Hunger Games and Protest

220px-Hunger_gamesThis morning’s Weekend Edition/Saturday on NPR included a brief interview with Stephen Carter, a professor and novelist who discusses how Suzanne Collin’s massively popular series of books and movies mirrors much of what’s happening lately, so much so that the District 12 Salute is being used by protesters around the world.

I generally like to wave at everyone on the bandwagon as it passes me by, so the universal fascination with Katniss et al. gave me the reason I needed to leave these books in the bookstore. (NB: I was well into Harry Potter before the world went mad.)

I didn’t like the first book in Collins’ series, yet forced myself to read it a second time and found it a bit more tolerable. Even so, I was not inspired to finish the series. One, there are an awful lot of really good books for adults that I haven’t yet read. Two, the idea of children killing children (pace Lord of the Flies) appalls me. And three, I’m not a huge fan of dystopian novels in the first place!

But after hearing Carter’s analysis of The Hunger Games, six years after publication still relevant to current national and world affairs, I’m starting to rethink my too off-handed dismissal of the series. I’m not yet ready to buy the books, but I know I can find them in my library. Holiday reading! Yay! Or maybe not “Yay”. Maybe just a limp wave of resignation. I’m not expecting a happy read, but with Carter’s analysis in my head, I have hopes for an interesting one.

How far would you go …

9780192733672… to get a copy of a book?

I’ve been wanting to read Julia Lee’s The Mysterious Misadventures of Clemency Wrigglesworth since it was published in 2013 (Oxford University Press), but for some reason it was not available in the US. Why oh why hasn’t OUP done something to resolve that?

Fortunately, I had a trip planned to the UK this summer, and as soon as I arrived I got a copy and sat down to read it. After finishing, I ask, once again, why oh why is this book not in bookstores in the US? It’s the perfect kid-in-jeopardy book, with a dauntless heroine, creepy villains, and madcap sidekicks that will appeal to middle school and younger readers. (A few second-hand copies are available on Amazon, but that’s not quite the same.)

Clemency Wrigglesworth, 11 years old and alone, is sailing back to England from India. Her mother, who died just before embarking, left Clemency with no money or any idea where they were meant to go upon arrival in Southampton. Two letters are the only clues. Luckily, Mrs. Potchard, who makes her living escorting children to and from England, takes Clemency in hand and tries to find those unknown relatives. An ad in the paper brings the attention of a few mysterious characters, and then Miss Clawe appears,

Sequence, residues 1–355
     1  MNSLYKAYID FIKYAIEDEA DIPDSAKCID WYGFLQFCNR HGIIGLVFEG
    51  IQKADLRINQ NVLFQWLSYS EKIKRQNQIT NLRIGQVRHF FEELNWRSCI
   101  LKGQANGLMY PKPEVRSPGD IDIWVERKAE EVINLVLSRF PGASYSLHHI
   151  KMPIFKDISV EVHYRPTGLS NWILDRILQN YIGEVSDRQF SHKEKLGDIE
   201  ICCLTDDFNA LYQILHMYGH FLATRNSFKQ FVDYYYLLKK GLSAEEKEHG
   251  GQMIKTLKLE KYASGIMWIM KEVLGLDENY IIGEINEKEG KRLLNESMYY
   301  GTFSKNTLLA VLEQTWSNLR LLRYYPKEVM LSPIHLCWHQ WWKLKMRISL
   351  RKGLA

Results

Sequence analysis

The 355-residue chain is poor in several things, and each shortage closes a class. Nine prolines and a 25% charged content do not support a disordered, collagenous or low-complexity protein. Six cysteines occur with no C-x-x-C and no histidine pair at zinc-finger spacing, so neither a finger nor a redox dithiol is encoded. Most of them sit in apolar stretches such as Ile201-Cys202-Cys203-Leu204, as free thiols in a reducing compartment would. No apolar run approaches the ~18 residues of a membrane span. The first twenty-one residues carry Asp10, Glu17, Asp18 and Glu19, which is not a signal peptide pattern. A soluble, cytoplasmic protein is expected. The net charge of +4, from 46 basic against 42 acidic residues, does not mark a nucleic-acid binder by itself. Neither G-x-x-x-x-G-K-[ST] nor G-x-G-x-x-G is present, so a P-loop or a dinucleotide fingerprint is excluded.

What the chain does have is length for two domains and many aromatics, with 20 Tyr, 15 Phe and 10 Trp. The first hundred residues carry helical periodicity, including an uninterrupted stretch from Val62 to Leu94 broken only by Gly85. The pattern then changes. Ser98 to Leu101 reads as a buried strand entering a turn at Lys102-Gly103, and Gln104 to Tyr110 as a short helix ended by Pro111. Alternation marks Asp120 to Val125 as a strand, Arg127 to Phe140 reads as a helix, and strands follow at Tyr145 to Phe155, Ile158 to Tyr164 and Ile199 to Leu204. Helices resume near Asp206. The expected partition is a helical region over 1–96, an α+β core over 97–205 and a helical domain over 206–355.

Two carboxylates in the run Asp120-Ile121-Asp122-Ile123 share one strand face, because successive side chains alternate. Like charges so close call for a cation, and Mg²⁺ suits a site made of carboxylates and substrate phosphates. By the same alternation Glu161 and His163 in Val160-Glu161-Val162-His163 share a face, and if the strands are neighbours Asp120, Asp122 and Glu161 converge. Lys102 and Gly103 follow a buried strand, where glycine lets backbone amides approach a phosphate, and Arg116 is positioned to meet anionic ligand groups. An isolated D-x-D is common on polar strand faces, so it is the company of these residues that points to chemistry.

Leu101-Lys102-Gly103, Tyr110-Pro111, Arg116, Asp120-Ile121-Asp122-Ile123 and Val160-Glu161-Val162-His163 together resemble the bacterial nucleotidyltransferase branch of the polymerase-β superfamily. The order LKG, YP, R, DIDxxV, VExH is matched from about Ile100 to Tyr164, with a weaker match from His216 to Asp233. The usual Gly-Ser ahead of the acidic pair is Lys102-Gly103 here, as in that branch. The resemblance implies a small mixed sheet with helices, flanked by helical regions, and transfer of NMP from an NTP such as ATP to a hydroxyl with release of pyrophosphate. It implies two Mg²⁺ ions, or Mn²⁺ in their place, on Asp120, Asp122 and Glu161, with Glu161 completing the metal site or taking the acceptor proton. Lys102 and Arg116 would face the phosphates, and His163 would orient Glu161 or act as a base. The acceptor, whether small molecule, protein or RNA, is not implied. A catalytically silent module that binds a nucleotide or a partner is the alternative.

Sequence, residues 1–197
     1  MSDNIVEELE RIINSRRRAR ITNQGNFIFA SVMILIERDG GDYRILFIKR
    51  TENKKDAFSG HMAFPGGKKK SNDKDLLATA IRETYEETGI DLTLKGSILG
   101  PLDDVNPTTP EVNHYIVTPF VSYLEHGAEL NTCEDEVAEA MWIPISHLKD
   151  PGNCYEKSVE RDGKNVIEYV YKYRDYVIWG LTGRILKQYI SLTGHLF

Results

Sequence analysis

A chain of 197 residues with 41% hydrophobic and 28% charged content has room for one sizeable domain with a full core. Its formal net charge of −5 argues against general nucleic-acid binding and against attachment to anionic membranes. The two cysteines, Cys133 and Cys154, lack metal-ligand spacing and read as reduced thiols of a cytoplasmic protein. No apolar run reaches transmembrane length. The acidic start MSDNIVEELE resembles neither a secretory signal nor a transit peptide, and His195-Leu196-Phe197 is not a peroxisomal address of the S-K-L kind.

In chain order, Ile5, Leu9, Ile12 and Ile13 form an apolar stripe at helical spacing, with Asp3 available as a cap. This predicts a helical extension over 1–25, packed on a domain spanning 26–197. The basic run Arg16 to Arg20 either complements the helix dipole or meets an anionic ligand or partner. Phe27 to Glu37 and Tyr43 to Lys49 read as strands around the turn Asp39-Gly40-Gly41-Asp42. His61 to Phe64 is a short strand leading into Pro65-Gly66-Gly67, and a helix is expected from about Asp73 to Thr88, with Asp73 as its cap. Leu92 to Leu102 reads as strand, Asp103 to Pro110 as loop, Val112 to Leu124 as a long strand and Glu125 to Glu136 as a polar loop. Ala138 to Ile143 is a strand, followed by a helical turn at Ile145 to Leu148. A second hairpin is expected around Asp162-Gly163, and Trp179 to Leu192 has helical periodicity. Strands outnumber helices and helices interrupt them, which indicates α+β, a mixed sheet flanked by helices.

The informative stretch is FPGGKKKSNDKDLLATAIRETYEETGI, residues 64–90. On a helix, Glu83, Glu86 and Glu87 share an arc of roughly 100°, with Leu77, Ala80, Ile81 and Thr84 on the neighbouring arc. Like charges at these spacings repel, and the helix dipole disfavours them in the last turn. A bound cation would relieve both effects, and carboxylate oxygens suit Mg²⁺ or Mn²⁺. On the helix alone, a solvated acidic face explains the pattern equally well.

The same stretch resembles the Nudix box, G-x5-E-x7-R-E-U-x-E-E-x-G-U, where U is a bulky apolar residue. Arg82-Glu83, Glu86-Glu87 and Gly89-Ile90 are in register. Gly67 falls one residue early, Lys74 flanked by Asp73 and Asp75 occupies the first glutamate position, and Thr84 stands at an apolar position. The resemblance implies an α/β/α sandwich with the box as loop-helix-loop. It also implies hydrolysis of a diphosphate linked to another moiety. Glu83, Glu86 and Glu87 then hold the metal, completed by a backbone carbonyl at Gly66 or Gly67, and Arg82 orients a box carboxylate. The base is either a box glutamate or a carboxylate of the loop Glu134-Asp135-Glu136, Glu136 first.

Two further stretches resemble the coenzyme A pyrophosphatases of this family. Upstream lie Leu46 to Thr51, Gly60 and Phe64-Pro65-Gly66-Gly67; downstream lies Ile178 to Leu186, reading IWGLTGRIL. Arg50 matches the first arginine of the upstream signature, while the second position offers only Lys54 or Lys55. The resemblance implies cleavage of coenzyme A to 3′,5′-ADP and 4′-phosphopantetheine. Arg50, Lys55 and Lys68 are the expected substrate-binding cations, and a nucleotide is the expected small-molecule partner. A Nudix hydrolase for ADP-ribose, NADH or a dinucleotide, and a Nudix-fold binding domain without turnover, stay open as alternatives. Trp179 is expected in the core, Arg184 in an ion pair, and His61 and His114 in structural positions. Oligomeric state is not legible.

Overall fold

… tall and thin and dressed in deepest black. Her hair was salt-and-pepper grey, scraped back from her face so fiercely that it pulled her eyebrows up into high arches. She wore an old-fashioned bonnet over it, festooned with black satin ribbons. And she carried–not a parasol–but a black umbrella, tightly furled.

Anyone familiar with the genre will recognize a villainess in Miss Clawe, who sets the plot in motion by kidnapping Clemency. Miss Clawe takes the girl to a manor house in Somerset but immediately puts her to work as a scully in the kitchen. It looks bleak for Clemency.

The family she had been staying with, the Marvels (a perfect name for this clever group of people), give chase, partly because they expect payment for their hospitality, but also because they’re truly concerned about Clemency’s welfare. Meanwhile, Clemency, fearing no one will come to her rescue, takes charge of her own fate. She explores the manor, sneaking grapes off the dining table and jam from the store rooms, discovers the reason for her abduction, and makes plans for her escape.

There are layers to this story, and surprises. Just when you think you’ve figured out who Clemency’s friends and enemies are, Lee takes you in a different direction. Just when you think Clemency will get away, someone steps in her path. In the final face-off, a knife-thrower plays a critical role, as do a butler, a gardener, and a spoiled Pekinese lapdog.

This book fits nicely on the shelf between Lemony Snicket’s Series of Unfortunate Events and Philip Pullman’s Count Karlstein, with a hint of Joan Aiken’s Wolves of Willoughby Chase. But leave space for sequels — the afterword suggests there’s more to come.